Television in Top Quality

September 4, 2006
Television in Top Quality
The video converter HiCon is a kind of “translator” which converts films from one standard into another, with as little loss of quality as possible. © Fraunhofer HHI

Whether you are at home or on the move new technologies are bringing TV in good quality on the “small screen”. Fraunhofer researchers will be presenting various systems at the International Broadcast Convention (IBC) in Amsterdam (September 8-12, 2006).

Crystal clear pictures and vivid colours, High Definition TV (HDTV) brings television in the highest quality into the living room. HDTV pictures are composed of pixels arranged in up to 1920 columns and 1080 rows achieving a resolution which is five times higher than conventional TV images. For comparison, the European PAL standard has a resolution of only 720 x 576 pixels.

However, high definition television is only economically viable when the data to be transmitted and stored is highly compressed. This can, for example, be achieved with MPEG-4 AVC (Advanced Video Coding), the basic principles of which were developed by the Fraunhofer Institute for Telecommunications, Heinrich-Hertz-Institut HHI. On the basis of this technology, engineers at the Fraunhofer Institute for Integrated Circuits IIS have brought about the first software-based encoder which can compress HD material in real time and in good quality – a process that was previously only possible with special hardware. A video format converter is necessary to reproduce television from the USA, which has been recorded using the American ATSC standard, on HDTV devices in Europe. This is a kind of “translator” which converts films from one standard into another with as little loss of quality as possible. To this end, researchers at the HHI have developed the HiCon multifunctional video converter. With this device, video and graphics signals can be transformed into a multitude of multimedia formats, including all of the standard digital broadcasting formats such as ATSC in America, DVB in Europe and ARIB in Japan.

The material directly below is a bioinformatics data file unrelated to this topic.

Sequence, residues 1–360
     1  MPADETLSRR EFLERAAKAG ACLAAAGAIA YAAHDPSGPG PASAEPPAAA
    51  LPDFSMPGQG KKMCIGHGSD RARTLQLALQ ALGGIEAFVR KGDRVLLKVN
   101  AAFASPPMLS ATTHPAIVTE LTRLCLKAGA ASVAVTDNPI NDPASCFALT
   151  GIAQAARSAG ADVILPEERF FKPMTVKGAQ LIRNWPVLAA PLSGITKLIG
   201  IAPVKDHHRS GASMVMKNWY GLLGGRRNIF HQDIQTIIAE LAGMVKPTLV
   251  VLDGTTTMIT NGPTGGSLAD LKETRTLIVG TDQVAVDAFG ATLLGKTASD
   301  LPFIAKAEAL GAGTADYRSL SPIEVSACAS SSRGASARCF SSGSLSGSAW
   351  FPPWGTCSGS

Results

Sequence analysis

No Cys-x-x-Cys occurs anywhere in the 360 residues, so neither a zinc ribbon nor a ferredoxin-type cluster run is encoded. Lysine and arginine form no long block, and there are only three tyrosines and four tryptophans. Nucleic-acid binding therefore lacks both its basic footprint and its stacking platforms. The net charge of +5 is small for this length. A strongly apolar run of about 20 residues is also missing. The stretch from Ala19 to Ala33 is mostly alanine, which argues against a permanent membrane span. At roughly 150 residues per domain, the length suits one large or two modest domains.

Good quality sound is also an indispensable part of a perfect home-cinema evening. MPEG Surround, substantially developed by researchers at the IIS, ensures that you get authentic cinema sound in the living room. MPEG Surround combined with MPEG-4 High Efficiency Advanced Audio Coding (HE-AAC) enables a surround sound experience at 48 kbit/s. In addition, MPEG Surround is not only completely backwards compatible with mono and stereo devices, but can also be combined with the most popular broadcasting formats.

In times of increasing mobility, TV is becoming mobile as well. Digital Video Broadcasting for Handheld (DVB-H) is a new transmission method which offers multimedia reception on a mobile phone or PDA. It employs the transmission technology of digital terrestrial TV (Digital Video Broadcasting Terrestrial, DVB-T). Sharp images and good sound are ensured by the most efficient MPEG-4 audio and video encoding processes: High Efficiency Advanced Audio Coding (HE-AAC) and Advanced Video Coding (AVC). IIS engineers have developed new software components for DVB-H which are available either as stand-alone versions or as a complete media player package. The software can be used on a variety of platforms, whether Linux, Windows or Mac. A system to ensure the secure transmission of media content (ISMACryp) has also been integrated to protect the content from misuse.

DVB-H is, however, not the only technical standard for TV on mobile phones: in Asia, for example, the most widespread standard is Digital Media Broadcasting (DMB). But also Multimedia Broadcast Multicast Service (MBMS) makes TV images mobile. In the DXB project, which is being coordinated by the HHI, researchers from the HHI, the Institut für Rundfunktechnik IRT, Siemens, Sony, T-Systems and Vodafone have made a start at harmonising the different systems currently in use. Internet Protocol (IP) is at the heart of their efforts. “The result is an extension of the transmission standards of DAB, or extended DAB,” explains Dr. Ralf Schäfer from the HHI. “eDAB has a lot in common with both DVB-H and MBMS.”

Source: Fraunhofer-Gesellschaft

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